“Pit where the buffalo cools his hide”

(notes by Philip Holberton)


Publication

Published as a heading to “Cupid’s Arrows” in Plain Tales from the Hills Collected in Inclusive Verse p. 498 with ‘Bund’ for ‘dam’ in line 4, and similarly in Definitive Verse p. 506. The first six lines list the various hazards to be found when riding over rough ground and show the leading riders warning those following that there is danger ahead.

Notes on the Text

Pull to the off means to steer to the right. See KJ 122, p. 10.

earth-rat perhaps a mole (familty Talpidae) the small black burrowing creature whose excavations are dangerous for horses and riders. [suggestions from readers will be appreciated; Ed.]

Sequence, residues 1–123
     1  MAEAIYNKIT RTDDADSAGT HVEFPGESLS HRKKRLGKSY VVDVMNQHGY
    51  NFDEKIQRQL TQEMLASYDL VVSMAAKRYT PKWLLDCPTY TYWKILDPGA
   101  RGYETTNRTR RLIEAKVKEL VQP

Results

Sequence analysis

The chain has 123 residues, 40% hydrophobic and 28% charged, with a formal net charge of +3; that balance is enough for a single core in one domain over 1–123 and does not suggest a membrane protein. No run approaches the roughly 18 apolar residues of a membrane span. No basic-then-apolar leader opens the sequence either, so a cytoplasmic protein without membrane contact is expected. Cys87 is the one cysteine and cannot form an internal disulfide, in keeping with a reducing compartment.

This story is based on an incident in Daniel Deronda by George Eliot (1876). For similar advice on the hazards of pig-sticking, see “The Boar of the Year”.

In the article mentioned above (KJ 122 p.10) A.E. Purefoy points out that this verse doesn’t head a riding story; it comes at the start of “Cupid’s Arrows,” where almost the only reference to horses is that they used to shy when Barr-Saggott smiled. It is the author’s tactful way of saying: Watch your step when dealing with a woman.

[P.H.]

©JPhilip Holberton 2020 All rights reserved